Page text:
PTSD Spirituality: You Are Not Weak, You Are Wounded and Strong

Raptors Like FlowersRecently, those of us with PTSD were further stigmatized by being labeled as weak by a major party presidential candidate. He stated that military personnel who are not strong enough have gotten PTSD. This is a false statement, probably based on ignorance and not malice.

If you have PTSD, you are not weak. You have plenty of strength, plenty of character. It is not a case of not being strong enough. We have been wounded both physically and spiritually. Trauma wounds our brains and it wounds our souls.[Continue Reading…]

PTSD Spirituality: Another Memorial Day … Damn

Fair Warning: This is not a “Patriotic” essay.Dragon Grapihte 2

Memorial Day: We’ll get our share of drive-by caring and plastic patriotism. In some areas we will have to endure fireworks. And, we will have to deal with the specter of those afflicted with Compassion Deficit Disorder (CDD) … nothing quite like being blamed for having PTSD, sensitivity to triggers, and living in a fear-state, just because we “couldn’t hack it” or because we are “cowards.” The news media, practicing a predictable “calendar journalism,” will show a brief uptick of interest in those with military service.[Continue Reading…]

PTSD Spirituality: PTSD, Statements and Exclamation Points

I had two encounters with the phrase “Make a Statement!” recently. In both cases it related to buying cars. And, as is often the case with me, I started thinking about the phrase in terms of PTSD and Spirituality.[Continue Reading…]

PTSD Spirituality: With No Wall Behind Me

I am actually a bit amazed with myself just now. Why? At the risk of hubris, and underwhelming any reader who has not lived with PTSD personally or cared about someone with PTSD, here is today’s big achievement in my own PTSD healing journey:[Continue Reading…]

PTSD Spirituality: Michael Orban’s Dedication to PTSD Education

Not all of our readers are familiar with the valuable contributions of Michael Orban, a Vietnam veteran, who provides authentic, meaningful education on PTSD.   I was recently asked to write about my experience with Mike and his devotion to helping veterans heal from PTSD.  I was happy to do so.  While my written response begins after the click-though, you can also click directly to Michael Orban’s PTSD website for additional information.[Continue Reading…]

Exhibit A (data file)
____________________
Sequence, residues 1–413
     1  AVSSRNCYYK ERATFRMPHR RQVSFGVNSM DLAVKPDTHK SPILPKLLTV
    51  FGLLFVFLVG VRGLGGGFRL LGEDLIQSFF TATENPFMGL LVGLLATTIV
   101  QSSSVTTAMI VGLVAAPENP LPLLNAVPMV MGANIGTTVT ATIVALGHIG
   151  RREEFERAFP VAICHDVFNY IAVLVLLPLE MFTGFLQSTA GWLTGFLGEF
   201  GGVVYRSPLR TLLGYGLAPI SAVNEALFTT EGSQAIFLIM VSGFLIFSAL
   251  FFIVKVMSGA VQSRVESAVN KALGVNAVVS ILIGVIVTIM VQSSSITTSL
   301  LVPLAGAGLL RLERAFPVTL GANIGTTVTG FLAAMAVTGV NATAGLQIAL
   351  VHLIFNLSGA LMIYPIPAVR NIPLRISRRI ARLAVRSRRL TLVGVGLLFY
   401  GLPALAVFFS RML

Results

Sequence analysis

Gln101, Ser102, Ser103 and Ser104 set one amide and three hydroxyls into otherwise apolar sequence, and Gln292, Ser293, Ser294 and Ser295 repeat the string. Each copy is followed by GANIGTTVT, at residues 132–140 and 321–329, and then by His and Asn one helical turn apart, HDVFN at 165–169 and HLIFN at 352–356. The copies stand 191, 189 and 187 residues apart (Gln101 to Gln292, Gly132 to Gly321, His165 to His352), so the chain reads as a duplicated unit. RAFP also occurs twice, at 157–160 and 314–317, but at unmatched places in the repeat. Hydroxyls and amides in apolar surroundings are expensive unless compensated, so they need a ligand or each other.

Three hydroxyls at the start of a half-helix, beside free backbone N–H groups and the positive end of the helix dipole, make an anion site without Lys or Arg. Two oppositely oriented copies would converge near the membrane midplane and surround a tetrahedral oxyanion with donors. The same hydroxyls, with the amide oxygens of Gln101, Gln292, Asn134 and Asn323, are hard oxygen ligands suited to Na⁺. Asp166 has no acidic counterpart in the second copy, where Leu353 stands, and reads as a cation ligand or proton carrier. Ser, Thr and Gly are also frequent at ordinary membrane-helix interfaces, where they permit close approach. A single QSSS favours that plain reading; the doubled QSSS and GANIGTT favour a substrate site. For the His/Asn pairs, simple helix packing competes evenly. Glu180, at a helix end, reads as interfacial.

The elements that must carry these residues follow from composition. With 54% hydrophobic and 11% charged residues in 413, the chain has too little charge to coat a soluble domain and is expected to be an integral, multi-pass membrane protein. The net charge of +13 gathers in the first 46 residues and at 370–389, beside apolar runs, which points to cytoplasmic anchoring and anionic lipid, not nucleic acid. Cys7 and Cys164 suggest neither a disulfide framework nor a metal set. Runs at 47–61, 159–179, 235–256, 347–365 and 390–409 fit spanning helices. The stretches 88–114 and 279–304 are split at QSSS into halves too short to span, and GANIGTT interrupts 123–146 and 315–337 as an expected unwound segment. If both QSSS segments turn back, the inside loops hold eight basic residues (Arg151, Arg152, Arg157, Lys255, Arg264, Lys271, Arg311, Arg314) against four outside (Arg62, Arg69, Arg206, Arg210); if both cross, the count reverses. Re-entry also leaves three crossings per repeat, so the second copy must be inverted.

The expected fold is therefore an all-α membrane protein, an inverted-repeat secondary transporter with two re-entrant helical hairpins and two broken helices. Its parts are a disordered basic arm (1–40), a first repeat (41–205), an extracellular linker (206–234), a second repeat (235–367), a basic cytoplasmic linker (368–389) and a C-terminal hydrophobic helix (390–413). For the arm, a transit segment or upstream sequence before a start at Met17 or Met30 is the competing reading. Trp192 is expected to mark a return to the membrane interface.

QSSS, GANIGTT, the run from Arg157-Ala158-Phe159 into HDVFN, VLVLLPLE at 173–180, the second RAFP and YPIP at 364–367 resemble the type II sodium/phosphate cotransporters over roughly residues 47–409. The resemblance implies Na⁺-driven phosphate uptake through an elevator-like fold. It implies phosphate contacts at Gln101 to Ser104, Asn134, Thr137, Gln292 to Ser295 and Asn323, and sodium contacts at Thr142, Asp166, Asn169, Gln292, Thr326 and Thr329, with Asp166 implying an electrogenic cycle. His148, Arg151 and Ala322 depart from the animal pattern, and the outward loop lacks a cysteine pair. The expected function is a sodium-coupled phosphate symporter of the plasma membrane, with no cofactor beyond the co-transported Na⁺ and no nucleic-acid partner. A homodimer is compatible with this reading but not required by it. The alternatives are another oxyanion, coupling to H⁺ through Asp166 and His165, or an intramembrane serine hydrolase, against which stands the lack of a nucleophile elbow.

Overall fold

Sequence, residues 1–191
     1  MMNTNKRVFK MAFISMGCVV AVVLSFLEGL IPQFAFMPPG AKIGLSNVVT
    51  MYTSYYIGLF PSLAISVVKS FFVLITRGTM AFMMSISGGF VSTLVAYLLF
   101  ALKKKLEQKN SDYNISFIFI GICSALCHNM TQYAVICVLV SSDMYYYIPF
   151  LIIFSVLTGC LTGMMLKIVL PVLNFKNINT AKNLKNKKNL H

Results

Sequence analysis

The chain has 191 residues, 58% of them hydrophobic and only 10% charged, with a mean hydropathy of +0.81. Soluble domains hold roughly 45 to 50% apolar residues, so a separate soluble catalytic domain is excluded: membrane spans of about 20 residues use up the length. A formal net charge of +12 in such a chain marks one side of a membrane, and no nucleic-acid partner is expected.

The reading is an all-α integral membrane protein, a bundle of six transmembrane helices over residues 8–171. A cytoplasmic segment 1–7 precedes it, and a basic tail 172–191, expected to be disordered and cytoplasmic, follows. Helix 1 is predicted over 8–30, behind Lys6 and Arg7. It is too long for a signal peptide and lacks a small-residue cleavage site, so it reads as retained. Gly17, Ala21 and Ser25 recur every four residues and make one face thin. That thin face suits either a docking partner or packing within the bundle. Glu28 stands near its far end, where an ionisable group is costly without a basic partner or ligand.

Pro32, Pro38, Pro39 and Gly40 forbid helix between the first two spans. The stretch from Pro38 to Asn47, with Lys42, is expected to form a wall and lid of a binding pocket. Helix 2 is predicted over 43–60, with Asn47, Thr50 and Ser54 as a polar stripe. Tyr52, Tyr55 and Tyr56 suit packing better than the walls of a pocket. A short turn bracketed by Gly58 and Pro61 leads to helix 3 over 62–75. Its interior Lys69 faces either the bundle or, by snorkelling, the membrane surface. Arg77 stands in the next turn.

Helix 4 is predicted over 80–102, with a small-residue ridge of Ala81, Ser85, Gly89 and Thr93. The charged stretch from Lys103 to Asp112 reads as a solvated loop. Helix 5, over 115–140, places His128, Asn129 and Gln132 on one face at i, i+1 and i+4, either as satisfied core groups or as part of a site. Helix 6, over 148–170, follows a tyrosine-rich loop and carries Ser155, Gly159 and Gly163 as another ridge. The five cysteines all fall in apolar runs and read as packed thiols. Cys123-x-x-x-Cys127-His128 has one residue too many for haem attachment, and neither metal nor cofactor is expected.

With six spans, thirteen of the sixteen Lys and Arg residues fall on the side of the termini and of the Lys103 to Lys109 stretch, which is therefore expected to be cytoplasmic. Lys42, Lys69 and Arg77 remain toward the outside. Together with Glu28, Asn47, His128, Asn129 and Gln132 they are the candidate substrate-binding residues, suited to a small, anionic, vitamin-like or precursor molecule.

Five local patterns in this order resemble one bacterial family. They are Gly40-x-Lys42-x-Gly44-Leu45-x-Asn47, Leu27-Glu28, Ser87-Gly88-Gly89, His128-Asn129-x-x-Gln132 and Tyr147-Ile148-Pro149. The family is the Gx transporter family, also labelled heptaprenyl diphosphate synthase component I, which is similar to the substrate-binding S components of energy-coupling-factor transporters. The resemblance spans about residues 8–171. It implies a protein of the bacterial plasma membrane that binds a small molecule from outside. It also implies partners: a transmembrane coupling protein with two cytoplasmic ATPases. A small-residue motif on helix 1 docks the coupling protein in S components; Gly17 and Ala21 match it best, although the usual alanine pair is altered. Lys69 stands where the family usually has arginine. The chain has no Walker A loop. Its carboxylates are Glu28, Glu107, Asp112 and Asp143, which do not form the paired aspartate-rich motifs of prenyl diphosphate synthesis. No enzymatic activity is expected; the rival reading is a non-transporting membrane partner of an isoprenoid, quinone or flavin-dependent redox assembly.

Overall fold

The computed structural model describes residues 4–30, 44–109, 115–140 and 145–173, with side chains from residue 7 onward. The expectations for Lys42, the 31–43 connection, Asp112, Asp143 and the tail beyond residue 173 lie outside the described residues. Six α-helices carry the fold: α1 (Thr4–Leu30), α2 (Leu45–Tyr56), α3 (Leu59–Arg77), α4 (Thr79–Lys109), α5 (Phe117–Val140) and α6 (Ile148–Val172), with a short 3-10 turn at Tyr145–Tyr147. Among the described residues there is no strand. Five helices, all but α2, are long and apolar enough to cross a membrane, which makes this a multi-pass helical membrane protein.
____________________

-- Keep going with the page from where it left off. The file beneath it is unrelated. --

PTSD Spirituality: Time Management, Productivity, and Grace

The other day I had a successful, productive day: I worked for about 25 minutes. They were good minutes, each one, well employed. In my past, working for “only” 25 minutes would be an embarrassment. These days, I can honestly ask and assess if I’ve been true to myself and to my abilities.[Continue Reading…]

PTSD Spirituality: Not Morally Deficient, We’re Protective

Is a person with PTSD “morally deficient” if they self-medicate with PTSD-coping behaviors in order to protect others?[Continue Reading…]

PTSD Spirituality: Why Deny the Possibility of PTSD?

Why do PTSD-sufferers sometimes refuse to admit they have PTSD?  Some trauma survivors will deny they have PTSD.  Their PTSD-coping behaviors damage themselves and their most important relationships, but they refuse the possibility of PTSD even though they have survived trauma.  At times, someone who earlier recognized they may have PTSD may later deny it.  What gives here?  What follows is not so much an essay as quick thoughts written during my latest round of insomnia.[Continue Reading…]

PTSD Spirituality: Two Final Points on the PTSD-Identity’s Toxic Goals

We have examined the three toxic goals of the PTSD-Identity (links to each separate essay are included further down).  As we finish that topic off (for now) we still need to ask about the sequencing of these three life-destroying goals.  Additionally, can we use this information to pursue healing and not only use it too quantify damage?[Continue Reading…]

PTSD Spirituality: PTSD’s Second Goal is to Isolate You

In an attempt to reduce vulnerability to triggers, the trauma survivor may isolate themselves from outside stimuli and also from other people, including family and friends.  One of PTSD’s motives for this isolation comes from the disruption of trust.  The PTSD-Identity wants us to abandon trust and embrace isolation.[Continue Reading…]